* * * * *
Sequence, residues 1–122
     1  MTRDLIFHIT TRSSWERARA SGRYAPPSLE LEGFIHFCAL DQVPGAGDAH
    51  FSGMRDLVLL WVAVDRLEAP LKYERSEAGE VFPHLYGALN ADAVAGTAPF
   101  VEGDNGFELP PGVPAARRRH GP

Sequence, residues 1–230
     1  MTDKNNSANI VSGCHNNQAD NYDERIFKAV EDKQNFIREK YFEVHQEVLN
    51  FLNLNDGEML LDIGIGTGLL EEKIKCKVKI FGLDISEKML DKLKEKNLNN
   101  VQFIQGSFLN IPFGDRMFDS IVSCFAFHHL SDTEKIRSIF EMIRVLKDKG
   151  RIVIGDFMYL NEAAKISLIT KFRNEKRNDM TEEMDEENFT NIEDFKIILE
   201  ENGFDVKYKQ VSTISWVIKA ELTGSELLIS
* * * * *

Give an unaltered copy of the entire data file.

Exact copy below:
Sequence, residues 1–122
     1  MTRDLIFHIT TRSSWERARA SGRYAPPSLE LEGFIHFCAL DQVPGAGDAH
    51  FSGMRDLVLL WVAVDRLEAP LKYERSEAGE VFPHLYGALN ADAVAGTAPF
   101  VEGDNGFELP PGVPAARRRH GP

Sequence, residues 1–230
     1  MTDKNNSANI VSGCHNNQAD NYDERIFKAV EDKQNFIREK YFEVHQEVLN
    51  FLNLNDGEML LDIGIGTGLL EEKIKCKVKI FGLDISEKML DKLKEKNLNN
   101  VQFIQGSFLN IPFGDRMFDS IVSCFAFHHL SDTEKIRSIF EMIRVLKDKG
   151  RIVIGDFMYL NEAAKISLIT KFRNEKRNDM TEEMDEENFT NIEDFKIILE
   201  ENGFDVKYKQ VSTISWVIKA ELTGSELLIS